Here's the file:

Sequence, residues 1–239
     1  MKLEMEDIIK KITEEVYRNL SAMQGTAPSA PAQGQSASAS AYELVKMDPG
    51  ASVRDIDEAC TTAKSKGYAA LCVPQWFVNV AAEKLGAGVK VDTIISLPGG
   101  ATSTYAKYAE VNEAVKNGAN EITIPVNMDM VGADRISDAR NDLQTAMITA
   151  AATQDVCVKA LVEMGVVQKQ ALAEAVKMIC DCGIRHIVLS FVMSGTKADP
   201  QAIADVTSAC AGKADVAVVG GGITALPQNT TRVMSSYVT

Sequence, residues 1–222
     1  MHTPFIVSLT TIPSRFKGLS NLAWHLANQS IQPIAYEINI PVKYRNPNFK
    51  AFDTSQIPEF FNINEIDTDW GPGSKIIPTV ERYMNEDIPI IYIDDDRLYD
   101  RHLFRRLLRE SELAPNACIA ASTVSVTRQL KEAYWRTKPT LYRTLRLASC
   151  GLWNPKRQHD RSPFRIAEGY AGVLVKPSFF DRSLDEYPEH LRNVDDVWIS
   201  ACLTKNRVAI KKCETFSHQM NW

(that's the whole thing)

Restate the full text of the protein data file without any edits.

Sequence, residues 1–239
     1  MKLEMEDIIK KITEEVYRNL SAMQGTAPSA PAQGQSASAS AYELVKMDPG
    51  ASVRDIDEAC TTAKSKGYAA LCVPQWFVNV AAEKLGAGVK VDTIISLPGG
   101  ATSTYAKYAE VNEAVKNGAN EITIPVNMDM VGADRISDAR NDLQTAMITA
   151  AATQDVCVKA LVEMGVVQKQ ALAEAVKMIC DCGIRHIVLS FVMSGTKADP
   201  QAIADVTSAC AGKADVAVVG GGITALPQNT TRVMSSYVT

Sequence, residues 1–222
     1  MHTPFIVSLT TIPSRFKGLS NLAWHLANQS IQPIAYEINI PVKYRNPNFK
    51  AFDTSQIPEF FNINEIDTDW GPGSKIIPTV ERYMNEDIPI IYIDDDRLYD
   101  RHLFRRLLRE SELAPNACIA ASTVSVTRQL KEAYWRTKPT LYRTLRLASC
   151  GLWNPKRQHD RSPFRIAEGY AGVLVKPSFF DRSLDEYPEH LRNVDDVWIS
   201  ACLTKNRVAI KKCETFSHQM NW